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NASA Received New Signals From A Spacecraft Located Almost 13 Billion Miles Away In The Universe

You don’t expect an automobile that has been sitting in a garage for decades to start the first time you turn the key and push the pedal. After 37 years, NASA was able to reactivate a system of thrusters aboard the ship, which will assist Nasa in orienting the ship’s antennae to Earth so that NASA can interact with it once more.

Voyager 1 is NASA and JPL’s first spacecraft (more akin to a large satellite) to leave our solar system, traveling through interstellar space at a speed of over 35,000 miles per hour and presently more than 13 billion miles from Earth. The main thrusters and backup or secondary thrusters, sometimes known as TCM thrusters, are found on Voyager 1. The main thrusters have failed in the 40 years after the ship flew through space, and NASA has lost touch with the ship since it was unable to direct the ship with the communications antenna to Earth. Until now, the backup thrusters have been sleeping.

To re-orient the ship to the Earth, Nasa and JPL experts are considering putting back the backup (back-up) engines. “With these thrusters that are still functional after 37 years without use, we will be able to extend the life of the Voyager 1 spacecraft by two to three years,” said Suzanne Dodd, project manager for Voyager at NASA’s Jet Propulsion Laboratory, Pasadena, California.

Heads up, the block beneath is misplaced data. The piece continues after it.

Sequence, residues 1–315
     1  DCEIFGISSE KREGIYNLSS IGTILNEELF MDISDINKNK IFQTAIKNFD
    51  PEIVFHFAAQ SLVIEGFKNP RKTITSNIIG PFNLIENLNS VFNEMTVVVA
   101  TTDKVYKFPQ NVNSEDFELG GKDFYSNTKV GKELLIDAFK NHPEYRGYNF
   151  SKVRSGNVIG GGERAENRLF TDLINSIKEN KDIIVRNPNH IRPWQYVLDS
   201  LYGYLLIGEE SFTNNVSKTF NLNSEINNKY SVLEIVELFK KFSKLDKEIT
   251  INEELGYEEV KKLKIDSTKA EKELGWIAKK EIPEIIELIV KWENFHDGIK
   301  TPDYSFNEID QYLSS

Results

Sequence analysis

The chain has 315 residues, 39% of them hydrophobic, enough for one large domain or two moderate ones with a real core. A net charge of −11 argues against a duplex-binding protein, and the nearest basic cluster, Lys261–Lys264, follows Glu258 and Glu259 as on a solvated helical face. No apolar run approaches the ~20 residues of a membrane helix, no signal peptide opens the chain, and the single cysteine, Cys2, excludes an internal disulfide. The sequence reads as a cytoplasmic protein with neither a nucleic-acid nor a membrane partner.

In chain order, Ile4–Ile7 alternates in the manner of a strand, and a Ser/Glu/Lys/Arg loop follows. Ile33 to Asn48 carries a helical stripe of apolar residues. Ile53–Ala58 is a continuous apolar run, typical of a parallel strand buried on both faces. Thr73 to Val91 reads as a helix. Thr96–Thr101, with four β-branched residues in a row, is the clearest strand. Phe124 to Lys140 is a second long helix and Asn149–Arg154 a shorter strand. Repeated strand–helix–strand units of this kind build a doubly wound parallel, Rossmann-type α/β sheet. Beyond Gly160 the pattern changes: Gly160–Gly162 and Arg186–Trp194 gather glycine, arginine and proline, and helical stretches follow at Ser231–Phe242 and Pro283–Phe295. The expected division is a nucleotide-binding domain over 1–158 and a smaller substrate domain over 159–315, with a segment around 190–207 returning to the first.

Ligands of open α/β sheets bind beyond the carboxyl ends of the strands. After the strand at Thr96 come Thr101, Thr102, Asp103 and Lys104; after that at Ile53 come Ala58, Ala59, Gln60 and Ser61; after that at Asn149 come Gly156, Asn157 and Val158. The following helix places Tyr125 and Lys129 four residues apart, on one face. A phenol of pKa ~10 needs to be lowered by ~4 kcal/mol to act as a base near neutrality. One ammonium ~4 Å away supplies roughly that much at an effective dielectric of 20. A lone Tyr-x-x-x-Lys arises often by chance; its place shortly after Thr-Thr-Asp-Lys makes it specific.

NASA and JPL have put up a team of engineers named The Voyager Team to fix this challenge. Engineers Chris Jones, Robert Shotwell, Carl Guernsey, and Todd Barber formed the team, which studied the possibilities and how the ship would behave in various circumstances before devising an unorthodox approach to fire the backup thrusters.

“To properly test the thrusters, the Voyager flight crew dredged out decades-old data and evaluated software that was programmed in an antiquated assembly language,” said Jones, JPL’s chief engineer. The crew waited 19 hours and 35 minutes for signals from Voyager 1 to reach the Deep Space Network antenna in Goldstone, California. When the crew got the signals and realized that everything went according to plan, they reveled in the unexpected success for which they had worked so hard. This approach will also be used on Voyager 2 by JPL engineers.